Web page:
Do your children get excited when planting seeds in the spring, but they quickly lose interest after the first seedlings emerge? After many years of sharing my green thumb, here are a few secrets I've learned to keep gardening interesting and fun for young homeschoolers:
-Find children's gardening books and read them together.
-Let your child choose exactly what vegetables, flowers, or herbs he wants to grow. Go through seed catalogs and find easy-to-grow plants that are fast-growing. Also, choose kid-friendly flower varieties that can be cut for gift bouquets like marigolds, zinnias, daises, and salvia.
-Begin with a small 4 foot by foot garden and have your child draw a picture of what he wants and where he wants to place the individual plants.
-Start plants indoors from seeds using recyclable household containers like egg cartons or yogurt, cottage cheese, or butter containers.
-Put the garden where your child will play or walk every day, so he can notice changes as it grows.
-Encourage your child to draw pictures of each plant variety on index cards. Laminate the hand-made cards and attach them to popsicle sticks to use as row markers.
-Give your child his own watering can, and he won't be able to resist getting involved in gardening.
-Buy child-size gardening tools like a hoe, rake, spade, wheelbarrow, and gloves to make gardening chores seem like play.
-Help your child keep a journal to record what and when you planted, insect or weed problems, and rainfall amounts. Take pictures early on to document the garden's development.
-Let your child make mistakes and have control of his own garden. Provide age-appropriate help, but don't do everything for him. It's okay if the rows aren't straight or the garden isn't perfectly weeded.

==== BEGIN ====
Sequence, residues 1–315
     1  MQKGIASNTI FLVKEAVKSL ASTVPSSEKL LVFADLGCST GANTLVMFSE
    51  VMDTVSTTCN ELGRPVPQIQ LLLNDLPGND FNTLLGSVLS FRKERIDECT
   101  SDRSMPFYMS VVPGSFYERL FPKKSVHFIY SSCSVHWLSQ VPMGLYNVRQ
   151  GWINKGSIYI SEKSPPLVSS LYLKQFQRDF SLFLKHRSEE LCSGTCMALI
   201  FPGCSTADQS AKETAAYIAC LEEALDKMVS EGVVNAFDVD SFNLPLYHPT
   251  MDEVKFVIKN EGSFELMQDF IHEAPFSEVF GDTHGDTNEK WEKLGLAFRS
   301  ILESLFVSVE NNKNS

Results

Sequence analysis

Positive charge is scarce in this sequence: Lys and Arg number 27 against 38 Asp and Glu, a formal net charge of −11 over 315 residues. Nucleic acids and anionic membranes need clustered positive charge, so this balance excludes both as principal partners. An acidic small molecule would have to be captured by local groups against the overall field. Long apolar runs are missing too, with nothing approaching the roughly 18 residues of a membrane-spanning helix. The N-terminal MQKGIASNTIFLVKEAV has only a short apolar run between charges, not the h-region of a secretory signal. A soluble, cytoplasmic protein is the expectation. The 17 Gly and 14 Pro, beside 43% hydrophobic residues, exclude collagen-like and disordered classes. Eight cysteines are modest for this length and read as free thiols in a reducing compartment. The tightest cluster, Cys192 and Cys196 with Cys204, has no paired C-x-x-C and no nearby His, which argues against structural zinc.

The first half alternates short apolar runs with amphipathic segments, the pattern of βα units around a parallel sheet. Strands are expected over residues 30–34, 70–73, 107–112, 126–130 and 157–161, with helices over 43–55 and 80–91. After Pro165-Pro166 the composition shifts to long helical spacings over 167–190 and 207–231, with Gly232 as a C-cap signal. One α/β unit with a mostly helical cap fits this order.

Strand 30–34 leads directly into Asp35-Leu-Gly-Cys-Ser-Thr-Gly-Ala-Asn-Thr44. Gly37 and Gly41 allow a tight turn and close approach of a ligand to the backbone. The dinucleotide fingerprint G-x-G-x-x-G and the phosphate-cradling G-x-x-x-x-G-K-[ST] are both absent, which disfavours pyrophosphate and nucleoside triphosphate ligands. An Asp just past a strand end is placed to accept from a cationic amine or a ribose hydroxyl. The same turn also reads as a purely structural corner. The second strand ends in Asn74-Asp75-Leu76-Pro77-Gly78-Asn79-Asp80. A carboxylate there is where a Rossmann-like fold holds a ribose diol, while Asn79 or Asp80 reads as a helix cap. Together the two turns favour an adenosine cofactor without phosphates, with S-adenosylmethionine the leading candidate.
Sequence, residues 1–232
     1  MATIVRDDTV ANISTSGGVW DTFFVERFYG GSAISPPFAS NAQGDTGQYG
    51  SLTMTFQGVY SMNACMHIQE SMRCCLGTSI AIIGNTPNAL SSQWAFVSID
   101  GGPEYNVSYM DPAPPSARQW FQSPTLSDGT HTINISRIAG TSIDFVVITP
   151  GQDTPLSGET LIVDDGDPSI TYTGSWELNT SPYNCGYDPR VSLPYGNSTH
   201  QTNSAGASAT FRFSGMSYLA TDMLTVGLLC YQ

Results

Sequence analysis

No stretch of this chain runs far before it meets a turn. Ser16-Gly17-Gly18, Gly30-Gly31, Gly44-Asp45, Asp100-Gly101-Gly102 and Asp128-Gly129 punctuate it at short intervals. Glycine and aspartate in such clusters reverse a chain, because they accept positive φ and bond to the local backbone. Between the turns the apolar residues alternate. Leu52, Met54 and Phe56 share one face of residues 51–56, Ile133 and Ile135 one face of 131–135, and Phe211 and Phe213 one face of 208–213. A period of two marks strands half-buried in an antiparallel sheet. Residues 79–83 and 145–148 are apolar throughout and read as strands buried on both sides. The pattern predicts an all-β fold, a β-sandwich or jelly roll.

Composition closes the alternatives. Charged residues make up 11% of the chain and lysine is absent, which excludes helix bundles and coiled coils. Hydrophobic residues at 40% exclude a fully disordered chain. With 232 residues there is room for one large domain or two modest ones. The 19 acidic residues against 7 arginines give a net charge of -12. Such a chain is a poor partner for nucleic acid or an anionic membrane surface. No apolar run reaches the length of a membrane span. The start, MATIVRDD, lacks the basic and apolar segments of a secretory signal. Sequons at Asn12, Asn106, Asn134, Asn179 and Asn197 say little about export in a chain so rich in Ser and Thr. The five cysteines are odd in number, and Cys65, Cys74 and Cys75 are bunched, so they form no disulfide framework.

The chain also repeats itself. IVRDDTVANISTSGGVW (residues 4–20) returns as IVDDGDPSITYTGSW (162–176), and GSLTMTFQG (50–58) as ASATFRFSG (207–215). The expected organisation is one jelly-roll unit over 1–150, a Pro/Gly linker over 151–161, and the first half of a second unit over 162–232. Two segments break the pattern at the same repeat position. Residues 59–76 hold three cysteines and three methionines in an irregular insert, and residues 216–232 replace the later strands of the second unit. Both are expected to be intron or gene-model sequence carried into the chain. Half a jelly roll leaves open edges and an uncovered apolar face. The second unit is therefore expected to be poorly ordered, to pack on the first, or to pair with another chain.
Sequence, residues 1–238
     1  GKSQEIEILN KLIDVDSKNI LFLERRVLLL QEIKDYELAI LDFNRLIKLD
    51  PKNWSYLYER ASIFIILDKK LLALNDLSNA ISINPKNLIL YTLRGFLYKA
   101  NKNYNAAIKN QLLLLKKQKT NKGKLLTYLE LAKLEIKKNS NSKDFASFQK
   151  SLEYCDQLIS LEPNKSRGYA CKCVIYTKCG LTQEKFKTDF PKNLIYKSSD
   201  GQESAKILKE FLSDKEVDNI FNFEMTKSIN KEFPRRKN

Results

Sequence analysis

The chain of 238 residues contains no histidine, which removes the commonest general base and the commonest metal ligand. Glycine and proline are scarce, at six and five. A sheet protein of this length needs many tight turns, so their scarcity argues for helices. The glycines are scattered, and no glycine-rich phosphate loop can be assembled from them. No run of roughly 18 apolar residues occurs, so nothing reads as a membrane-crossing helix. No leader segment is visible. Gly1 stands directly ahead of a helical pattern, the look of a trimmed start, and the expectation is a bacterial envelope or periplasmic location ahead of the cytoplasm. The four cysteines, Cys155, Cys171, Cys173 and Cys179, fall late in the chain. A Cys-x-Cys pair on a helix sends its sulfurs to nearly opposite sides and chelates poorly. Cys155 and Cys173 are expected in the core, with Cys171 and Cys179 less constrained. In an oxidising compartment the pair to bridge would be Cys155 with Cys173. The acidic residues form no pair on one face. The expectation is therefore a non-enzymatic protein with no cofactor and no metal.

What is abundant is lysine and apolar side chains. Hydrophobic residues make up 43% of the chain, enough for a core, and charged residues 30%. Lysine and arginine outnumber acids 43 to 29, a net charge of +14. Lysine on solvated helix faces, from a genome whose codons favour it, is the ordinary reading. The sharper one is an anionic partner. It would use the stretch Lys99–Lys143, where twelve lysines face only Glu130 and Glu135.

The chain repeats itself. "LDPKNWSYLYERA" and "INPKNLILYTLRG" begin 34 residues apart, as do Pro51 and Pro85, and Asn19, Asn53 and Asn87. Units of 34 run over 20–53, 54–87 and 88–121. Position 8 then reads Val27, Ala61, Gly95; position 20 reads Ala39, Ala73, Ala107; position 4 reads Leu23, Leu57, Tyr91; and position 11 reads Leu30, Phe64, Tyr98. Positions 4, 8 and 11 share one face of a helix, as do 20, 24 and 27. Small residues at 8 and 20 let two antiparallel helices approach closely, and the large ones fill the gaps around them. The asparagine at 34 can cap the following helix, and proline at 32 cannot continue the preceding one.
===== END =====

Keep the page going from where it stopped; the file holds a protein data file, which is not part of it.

-Personalize the garden. What child isn't enthralled with a sense of ownership when seeing a sign with his name that says, "Joshua's Garden?"
-Look at the bigger picture. Teach your child other aspects of gardening, including how to mulch, compost, and discover God's infinite array of garden insects.
-Have your child look through family favorite recipes or find new ones to sample his crop when it's time for harvest. Let him get involved in the cooking process and teach him how to can or freeze extra vegetables and fruits for the winter months. Plus, be sure to let your child experience the special joy that comes when sharing excess produce with friends and neighbors.
Remember, if your child's first experiences with gardening are fun and successful, the chances are good he'll also develop a green thumb that will stay with him for life. Young gardeners simply need to start with fun and easy plants, and their curiosity and wonder about growing things will naturally take root. Before you know it, you'll have an enthusiastic assistant for all your future gardening projects!